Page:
New accessibility improvements to the Forest of Dean's Daffodil Way

Just in time for wild daffodil season, work to improve footpaths on the Forest of Dean's Daffodil Way is due to finish this March 2024 — making the scenic walking route more accessible.

By Chloe Gorman  |  Published
The Daffodil Way in the Forest of Dean is becoming more accessible to visitors with young children and mobility issues, as stiles are replaced with kissing gates.

Work to improve accessibility on the Daffodil Way in the Forest of Dean is due to be completed this March 2024. 

Gloucestershire County Council and Kempley Parish Council are working together to make footpaths in the area more accessible by replacing stiles with kissing gates — which are easier to navigate for those with young children and people with mobility difficulties, while keeping livestock safely contained. 

The latest batch of stiles are due to be replaced in time for Kempley Daffodil Weekend on Saturday 16 and Sunday 17 March 2024, when hundreds of visitors will descend on the area to walk the Daffodil Way as the spring flowers burst into bloom. 

Work to replace the stiles has been ongoing since spring 2021 with the support of local landowners and farmers — and 24 stiles have been replaced so far, with the latest batch of kissing gates being installed in February 2024.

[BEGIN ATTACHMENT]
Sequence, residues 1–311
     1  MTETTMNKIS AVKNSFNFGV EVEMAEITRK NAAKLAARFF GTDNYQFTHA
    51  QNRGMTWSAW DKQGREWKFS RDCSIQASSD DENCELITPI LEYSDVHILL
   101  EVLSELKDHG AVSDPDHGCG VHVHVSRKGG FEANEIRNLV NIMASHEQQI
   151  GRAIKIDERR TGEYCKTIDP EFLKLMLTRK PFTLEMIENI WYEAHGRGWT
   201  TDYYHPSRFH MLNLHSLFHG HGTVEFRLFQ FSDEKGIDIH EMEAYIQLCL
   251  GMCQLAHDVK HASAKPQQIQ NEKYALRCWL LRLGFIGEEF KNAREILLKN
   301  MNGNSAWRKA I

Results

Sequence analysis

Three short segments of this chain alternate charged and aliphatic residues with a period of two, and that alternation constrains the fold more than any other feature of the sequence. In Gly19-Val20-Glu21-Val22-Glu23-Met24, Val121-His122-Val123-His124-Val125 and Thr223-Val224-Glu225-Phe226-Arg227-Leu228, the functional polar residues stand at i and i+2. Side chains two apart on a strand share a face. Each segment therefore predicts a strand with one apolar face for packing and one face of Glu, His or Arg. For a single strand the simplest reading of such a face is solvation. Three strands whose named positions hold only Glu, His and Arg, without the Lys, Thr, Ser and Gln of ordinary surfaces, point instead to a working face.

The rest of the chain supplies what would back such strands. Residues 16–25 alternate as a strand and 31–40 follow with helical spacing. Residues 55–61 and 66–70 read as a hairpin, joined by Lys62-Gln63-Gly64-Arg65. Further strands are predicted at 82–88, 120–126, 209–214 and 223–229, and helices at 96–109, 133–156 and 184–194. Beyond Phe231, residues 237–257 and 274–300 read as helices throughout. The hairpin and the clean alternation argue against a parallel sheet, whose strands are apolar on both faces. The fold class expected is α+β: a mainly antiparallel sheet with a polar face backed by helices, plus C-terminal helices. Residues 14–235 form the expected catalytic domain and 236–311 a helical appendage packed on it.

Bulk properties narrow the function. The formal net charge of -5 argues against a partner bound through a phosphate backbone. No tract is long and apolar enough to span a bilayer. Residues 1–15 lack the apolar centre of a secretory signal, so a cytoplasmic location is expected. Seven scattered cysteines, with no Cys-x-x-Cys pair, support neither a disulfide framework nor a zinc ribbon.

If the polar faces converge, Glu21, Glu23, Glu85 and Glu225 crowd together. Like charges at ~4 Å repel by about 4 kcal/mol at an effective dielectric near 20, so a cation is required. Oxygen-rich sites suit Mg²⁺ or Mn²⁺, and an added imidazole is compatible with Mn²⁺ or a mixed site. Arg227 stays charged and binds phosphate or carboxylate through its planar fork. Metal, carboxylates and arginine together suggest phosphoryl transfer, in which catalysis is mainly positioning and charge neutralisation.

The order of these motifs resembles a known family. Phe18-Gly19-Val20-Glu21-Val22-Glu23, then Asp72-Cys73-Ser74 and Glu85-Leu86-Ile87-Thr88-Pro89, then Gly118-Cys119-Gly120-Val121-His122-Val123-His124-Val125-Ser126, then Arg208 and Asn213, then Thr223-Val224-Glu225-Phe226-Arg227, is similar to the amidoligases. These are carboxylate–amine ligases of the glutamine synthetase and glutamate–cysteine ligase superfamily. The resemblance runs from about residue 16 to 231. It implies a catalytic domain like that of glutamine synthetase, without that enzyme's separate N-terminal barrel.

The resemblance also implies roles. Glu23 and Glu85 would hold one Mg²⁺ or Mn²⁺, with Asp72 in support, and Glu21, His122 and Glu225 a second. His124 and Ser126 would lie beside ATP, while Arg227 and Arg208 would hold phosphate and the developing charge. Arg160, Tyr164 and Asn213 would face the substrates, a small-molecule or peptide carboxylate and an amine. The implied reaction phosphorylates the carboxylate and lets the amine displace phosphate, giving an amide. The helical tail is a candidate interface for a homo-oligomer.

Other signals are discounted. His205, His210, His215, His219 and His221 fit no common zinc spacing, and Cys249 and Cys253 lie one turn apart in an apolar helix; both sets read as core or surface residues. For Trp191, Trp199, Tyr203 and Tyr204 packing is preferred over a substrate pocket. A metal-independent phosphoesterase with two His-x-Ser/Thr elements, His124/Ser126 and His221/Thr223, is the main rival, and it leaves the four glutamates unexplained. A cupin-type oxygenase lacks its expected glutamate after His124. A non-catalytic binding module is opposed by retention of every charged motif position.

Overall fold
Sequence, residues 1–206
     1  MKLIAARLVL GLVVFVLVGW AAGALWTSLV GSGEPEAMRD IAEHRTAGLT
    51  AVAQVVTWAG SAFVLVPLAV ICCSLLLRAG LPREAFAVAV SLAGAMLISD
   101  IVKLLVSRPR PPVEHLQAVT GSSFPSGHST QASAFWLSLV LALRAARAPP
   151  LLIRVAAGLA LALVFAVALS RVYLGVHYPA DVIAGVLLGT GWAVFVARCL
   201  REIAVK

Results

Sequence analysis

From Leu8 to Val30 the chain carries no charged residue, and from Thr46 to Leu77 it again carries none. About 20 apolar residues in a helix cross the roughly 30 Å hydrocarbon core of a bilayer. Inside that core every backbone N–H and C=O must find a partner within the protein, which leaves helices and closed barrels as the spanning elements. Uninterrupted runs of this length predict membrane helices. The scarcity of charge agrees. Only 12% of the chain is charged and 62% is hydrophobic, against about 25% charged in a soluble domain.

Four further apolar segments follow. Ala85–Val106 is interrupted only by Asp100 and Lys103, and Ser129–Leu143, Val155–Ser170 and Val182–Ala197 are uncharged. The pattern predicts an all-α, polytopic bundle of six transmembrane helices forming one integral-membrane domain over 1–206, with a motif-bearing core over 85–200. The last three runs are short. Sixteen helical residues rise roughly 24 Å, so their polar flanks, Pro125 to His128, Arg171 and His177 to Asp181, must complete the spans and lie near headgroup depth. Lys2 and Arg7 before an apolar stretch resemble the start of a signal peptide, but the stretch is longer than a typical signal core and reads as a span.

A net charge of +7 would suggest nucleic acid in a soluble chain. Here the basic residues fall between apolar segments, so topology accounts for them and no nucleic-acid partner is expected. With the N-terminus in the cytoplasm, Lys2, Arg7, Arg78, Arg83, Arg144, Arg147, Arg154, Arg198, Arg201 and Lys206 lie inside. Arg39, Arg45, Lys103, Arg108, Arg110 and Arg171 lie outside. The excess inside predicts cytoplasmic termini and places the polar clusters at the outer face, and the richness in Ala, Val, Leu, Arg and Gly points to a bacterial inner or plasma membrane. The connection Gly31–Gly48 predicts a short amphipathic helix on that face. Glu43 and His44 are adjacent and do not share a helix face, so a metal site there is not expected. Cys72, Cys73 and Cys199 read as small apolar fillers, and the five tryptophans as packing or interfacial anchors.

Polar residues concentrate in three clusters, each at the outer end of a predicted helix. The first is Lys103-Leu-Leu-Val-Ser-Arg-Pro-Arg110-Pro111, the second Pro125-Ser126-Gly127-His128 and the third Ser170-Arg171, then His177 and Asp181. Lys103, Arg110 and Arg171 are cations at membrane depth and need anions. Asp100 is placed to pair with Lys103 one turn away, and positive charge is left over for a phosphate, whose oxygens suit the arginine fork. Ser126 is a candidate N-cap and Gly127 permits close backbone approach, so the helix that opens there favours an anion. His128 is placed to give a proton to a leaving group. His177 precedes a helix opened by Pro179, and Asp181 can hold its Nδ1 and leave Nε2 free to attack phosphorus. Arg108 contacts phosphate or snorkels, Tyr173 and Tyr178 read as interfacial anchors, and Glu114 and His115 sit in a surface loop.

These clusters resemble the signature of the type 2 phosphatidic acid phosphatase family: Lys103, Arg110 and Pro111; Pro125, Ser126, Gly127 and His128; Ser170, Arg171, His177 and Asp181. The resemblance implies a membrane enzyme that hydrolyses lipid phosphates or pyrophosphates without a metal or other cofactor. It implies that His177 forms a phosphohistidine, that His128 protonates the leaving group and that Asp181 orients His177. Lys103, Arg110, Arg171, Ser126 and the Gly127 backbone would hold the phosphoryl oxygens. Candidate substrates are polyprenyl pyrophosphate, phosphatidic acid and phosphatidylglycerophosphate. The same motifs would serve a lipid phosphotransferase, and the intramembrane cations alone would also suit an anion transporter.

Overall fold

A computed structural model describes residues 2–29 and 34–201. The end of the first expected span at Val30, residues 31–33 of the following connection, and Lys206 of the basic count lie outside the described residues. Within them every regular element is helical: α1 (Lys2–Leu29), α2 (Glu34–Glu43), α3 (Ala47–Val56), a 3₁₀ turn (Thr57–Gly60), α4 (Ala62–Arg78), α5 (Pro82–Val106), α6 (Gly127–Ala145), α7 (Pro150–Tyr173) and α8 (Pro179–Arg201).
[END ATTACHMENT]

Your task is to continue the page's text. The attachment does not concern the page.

While landowners are responsible for installing and maintaining footpath stiles and gates on their own land, replacing the existing stiles with kissing gates is an expensive job, so Kempley Parish Council and Gloucestershire County Council have jointly funded the installation of the new gates, ultimately reducing the maintenance cost for farmers on heavily-used footpaths like the Daffodil Way, as well as helping them better manage walkers on their land. 

Chair of Kempley Parish Council, Martin Brocklehurst, said: 'We have had amazing support from our local family farmers for this scheme and from our local community. Every spring we welcome visitors to our village to see the wild daffodils and we organise walks with the support of our farmers.

'We want visitors to be able to enjoy our beautiful countryside, but to do so responsibly and remember they will be crossing working farms. That means following the paths, keeping dogs on leads and cleaning up after their pets so we can maintain the current positive working relationship with farmers in our community.'

Local county councillor for Newent, Gill Moseley, added: 'I’m very pleased that these kissing gates have been installed as they make the footpaths much more accessible for visitors. Kempley is one of the principal villages for the Daffodil Weekends so I hope they will help to attract lots of extra people, who will find it much easier to get around our beautiful countryside.'

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